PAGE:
Second, they could not work with RNA directly because “RNA is relatively unstable in the laboratory”. It is unstable outside the laboratory, too. That’s why you don’t find globs of it floating around in warm ponds anywhere, coming to life. So, “the team first made a DNA version of the virus's code by ordering customized pieces of DNA from an Iowa-based company that sells made-to-order snippets of genetic material.” We wonder where that Iowa-based company got the DNA they needed. We honestly don’t know, but we bet they took long strands of DNA, which sooner or later have a short segment of the desired sequence, and snipped the DNA just before and just after the sequence to obtain the snippet. So, we presume, the Iowa-based company is dependent upon pre-existing living material to cut up to supply the required snippets.

Third, they “used an enzyme that turns DNA into RNA.” Clearly they aren’t simulating how life could have begun because they are starting with DNA and enzymes. These things aren’t exactly simple building blocks.

Finally, the RNA they manufactured was “placed in a tube filled with appropriate chemicals and enzymes.” The word “placed” implies to us that the RNA had to be transported from the environment in which it was created, into a different environment that allowed it to reproduce. This second environment had to contain “appropriate chemicals”, which implies that there must be some inappropriate chemicals which could not have been used.

According to the Washington Post,

Other experts said that although the task is complicated, it is within the skill range of many molecular biologists today and could be done with perhaps as little as $10,000 worth of equipment and reagents. 3

That is the key sentence, as far as we are concerned. It says that the task is complicated. It takes special reagents (chemicals). It takes special equipment. But most of all, it takes skillful molecular biologists. That means it could not have happened by chance.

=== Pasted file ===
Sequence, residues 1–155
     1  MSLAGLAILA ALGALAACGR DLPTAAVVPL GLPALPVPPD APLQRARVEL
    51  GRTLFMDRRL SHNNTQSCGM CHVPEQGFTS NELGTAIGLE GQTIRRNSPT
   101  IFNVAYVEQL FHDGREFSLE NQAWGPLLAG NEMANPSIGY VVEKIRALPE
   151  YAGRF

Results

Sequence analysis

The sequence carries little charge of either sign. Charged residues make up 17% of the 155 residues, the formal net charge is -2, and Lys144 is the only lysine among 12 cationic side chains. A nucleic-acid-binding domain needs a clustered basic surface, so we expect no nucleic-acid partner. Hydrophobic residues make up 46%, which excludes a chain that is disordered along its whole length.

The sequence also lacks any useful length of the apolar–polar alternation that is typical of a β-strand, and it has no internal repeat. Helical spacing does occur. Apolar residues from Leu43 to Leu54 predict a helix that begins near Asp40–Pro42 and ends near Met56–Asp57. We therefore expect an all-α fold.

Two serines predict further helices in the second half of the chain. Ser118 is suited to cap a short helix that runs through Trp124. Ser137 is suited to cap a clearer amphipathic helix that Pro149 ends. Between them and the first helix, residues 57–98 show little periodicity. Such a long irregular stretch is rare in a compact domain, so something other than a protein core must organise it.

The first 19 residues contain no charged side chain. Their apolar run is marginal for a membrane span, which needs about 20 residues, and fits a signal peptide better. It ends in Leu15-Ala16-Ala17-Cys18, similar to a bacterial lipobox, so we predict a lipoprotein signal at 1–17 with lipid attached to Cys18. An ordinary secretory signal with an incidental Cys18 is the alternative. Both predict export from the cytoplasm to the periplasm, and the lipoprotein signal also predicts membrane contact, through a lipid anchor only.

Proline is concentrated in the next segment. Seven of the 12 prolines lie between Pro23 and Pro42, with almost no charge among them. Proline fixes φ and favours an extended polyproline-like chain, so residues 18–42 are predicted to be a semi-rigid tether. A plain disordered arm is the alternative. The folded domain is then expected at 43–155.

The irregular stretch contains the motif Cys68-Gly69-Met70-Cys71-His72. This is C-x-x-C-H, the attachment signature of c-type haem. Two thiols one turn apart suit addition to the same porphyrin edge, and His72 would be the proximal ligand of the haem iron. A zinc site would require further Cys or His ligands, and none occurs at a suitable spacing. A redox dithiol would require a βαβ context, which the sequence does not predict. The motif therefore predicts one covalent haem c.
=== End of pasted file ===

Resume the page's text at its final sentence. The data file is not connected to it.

It isn’t as if a scientist said, “Four years ago we were doing some experiments on how to make a better kind of synthetic rubber. When we were done with the experiments, we put chemicals away in a closet. This week, when we were cleaning out the closet, we discovered that these chemicals had produced a new form of life.”

A key part of the experiment was the conscious intention to create a particular virus. The fact that the intended virus was created does not mean that it could have formed unintentionally.

If there is an epidemic of polio in the United States, the most reasonable assumption is that a bioterrorist created the virus and released it here. The second most reasonable assumption is that it was accidentally re-introduced by someone who became infected in another country where polio still exists. The third most reasonable assumption is that there was some polio virus in a dead animal that was buried in a cave somewhere in America, which was uncovered by some unlucky explorers, who became infected and infected other people. You would have to go down a long list of possibilities before the next most reasonable assumption is, “the polio virus just formed itself from an unlucky combination of chemicals.” Nobody is going to believe that the polio virus formed itself naturally because we know it takes a skillful molecular biologist with special equipment, and special chemicals, who performs a complicated task to achieve a specific result.

So, if anyone tries to tell you that scientists in New York have shown how the first life could have formed spontaneously, you will know it isn’t true.

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Footnotes:

1 Washington Post, July 12, 2002, “Polio-Causing Virus Created in N.Y. Lab” Page A01 (Ev)
2 ibid.
3 ibid.